NOT OUT OF THE WOODS YET: GOPINATH
IMF SAYS INDIA’S ECONOMY TO CONTRACT BY 4.5% AMID PANDEMIC
NEW DELHI: The Indian economy will contract 4.5% in the current fiscal, the International Monetary Fund (IMF) said on Wednesday, reversing its rather optimistic 1.9% April growth forecast, as the lockdown-related disruptions to domestic activity turned out to be more severe than it had expected. For the next fiscal, IMF tempered its growth forecast to 6% from the 7.4% it estimated in April, according to its World Economic Outlook (WEO) update.
Since the IMF released its previous update in April, the pandemic swept across countries, including India, necessitating stringent lockdown measures for a longer period. This resulted in severe disruptions to economic activity and massive job losses. India has now lifted nearly all curbs on travel and businesses to the economy. “We are definitely not out of the woods. We have not escaped the Great Lockdown,” IMF chief economist Gita Gopinath said. “Given this tremendous uncertainty, policymakers should remain vigilant.”
Most forecasting agencies now expect the Indian economy to contract 3-5% in the current year with varied projections of a rebound in FY22. India Ratings on Wednesday projected the economy to contract by 5.3% in FY21 and predicted a revival in the range of 5-6% in FY22, aided by a lower base in the preceding year and a return of gradual normalcy in the domestic as well as the global economy.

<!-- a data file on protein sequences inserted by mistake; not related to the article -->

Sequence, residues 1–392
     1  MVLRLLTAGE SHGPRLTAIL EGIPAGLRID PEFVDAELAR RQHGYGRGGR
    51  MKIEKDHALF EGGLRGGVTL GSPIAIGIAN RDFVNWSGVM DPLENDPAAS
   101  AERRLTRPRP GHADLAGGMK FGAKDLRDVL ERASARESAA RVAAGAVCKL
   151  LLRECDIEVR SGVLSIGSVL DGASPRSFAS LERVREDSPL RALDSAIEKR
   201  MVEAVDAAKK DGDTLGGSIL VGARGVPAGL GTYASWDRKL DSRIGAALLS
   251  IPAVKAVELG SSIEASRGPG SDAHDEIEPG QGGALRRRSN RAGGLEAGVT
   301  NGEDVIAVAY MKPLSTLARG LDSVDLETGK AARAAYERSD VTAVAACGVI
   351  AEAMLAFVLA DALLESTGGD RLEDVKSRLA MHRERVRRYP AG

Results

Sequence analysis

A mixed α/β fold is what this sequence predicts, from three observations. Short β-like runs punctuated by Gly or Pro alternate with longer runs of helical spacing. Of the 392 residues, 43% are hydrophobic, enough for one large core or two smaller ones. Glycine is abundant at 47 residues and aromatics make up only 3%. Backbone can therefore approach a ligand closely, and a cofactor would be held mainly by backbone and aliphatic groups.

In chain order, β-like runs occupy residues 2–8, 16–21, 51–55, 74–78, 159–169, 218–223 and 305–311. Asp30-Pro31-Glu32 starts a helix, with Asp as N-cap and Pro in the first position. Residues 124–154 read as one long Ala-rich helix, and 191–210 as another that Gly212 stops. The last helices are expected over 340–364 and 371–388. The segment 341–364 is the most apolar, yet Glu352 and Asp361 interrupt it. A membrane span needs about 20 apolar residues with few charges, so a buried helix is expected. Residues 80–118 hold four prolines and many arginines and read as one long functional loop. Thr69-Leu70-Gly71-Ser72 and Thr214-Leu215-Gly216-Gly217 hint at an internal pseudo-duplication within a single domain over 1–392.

While noting India has unveiled liquidity support (4.5% of GDP) through loans and guarantees for businesses and farmers and equity injections into financial institutions and the electricity sector, IMF said countries where fiscal space is limited need to reorient revenue and spending to increase and encourage productive investment. “All measures should be embedded in a medium-term fiscal framework and transparently managed and recorded to mitigate fiscal risks, including loans and guarantees that do not have an immediate effect on government debt and deficits,” IMF said.
For the next fiscal, IMF tempered its growth forecast to 6% from the 7.4%.